Yesterday, one of Wyoming's most beloved places officially celebrated its 114th birthday.

On May 22, 1902, Medicine Bow National Forest was established as a forest reserve by President Theodore Roosevelt.

Although the area, which covers more than one million square miles in southeastern Wyoming, has been federally protected for over a century, it was considered a sacred meeting place for Native American tribes centuries earlier.

Tribes would gather in search of mahogany, which was used to make bows. At yearly powwows, medicine men also used the wood to perform healing rituals. Revered by tribal leaders for its medicinal value, and warriors for its versatility as a weapon, the site was named "Medicine Bow".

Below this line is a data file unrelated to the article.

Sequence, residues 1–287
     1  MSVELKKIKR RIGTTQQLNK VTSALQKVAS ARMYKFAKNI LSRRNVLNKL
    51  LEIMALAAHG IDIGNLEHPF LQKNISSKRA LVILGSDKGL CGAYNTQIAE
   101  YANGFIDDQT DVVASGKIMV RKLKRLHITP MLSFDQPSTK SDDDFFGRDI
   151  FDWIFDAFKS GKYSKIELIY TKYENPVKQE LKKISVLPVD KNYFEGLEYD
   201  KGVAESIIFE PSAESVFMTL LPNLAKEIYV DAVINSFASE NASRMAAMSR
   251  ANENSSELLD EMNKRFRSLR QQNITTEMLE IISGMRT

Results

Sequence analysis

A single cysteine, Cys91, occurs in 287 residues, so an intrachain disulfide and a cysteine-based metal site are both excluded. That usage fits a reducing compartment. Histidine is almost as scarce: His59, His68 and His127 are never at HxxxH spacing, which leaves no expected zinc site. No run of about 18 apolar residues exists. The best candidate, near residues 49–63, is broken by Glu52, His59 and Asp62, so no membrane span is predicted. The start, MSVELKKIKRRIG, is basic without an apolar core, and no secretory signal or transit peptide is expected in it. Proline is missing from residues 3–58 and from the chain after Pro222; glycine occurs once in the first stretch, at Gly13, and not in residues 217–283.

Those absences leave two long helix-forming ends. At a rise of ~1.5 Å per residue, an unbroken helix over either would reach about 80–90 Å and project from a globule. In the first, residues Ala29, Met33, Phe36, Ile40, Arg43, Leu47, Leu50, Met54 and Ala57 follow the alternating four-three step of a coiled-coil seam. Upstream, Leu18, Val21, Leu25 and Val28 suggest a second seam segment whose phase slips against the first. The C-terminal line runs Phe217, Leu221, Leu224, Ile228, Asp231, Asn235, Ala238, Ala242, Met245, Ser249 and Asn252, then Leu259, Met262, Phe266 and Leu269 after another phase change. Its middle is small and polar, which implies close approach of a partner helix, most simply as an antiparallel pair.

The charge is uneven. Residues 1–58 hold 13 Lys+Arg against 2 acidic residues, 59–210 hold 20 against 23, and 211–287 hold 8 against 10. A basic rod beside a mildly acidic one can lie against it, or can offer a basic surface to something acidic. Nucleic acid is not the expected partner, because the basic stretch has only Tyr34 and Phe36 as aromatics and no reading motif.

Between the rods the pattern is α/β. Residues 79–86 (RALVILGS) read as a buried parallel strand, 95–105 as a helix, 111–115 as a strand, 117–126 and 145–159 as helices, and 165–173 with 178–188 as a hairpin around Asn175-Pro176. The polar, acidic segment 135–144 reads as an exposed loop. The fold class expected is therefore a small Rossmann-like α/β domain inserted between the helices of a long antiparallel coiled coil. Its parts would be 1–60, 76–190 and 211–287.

In 1955, Medicine Bow was combined with the nearby Routt National Forest and Thunder Basin National Grassland by the United States Forest Service.

Several of Wyoming's most popular destinations are located inside Medicine Bow, including the Snowy Range Mountains, Encampment River, the Platte River Wilderness and Vedauwoo, which is renowned among the best rock climbing sites in the state.


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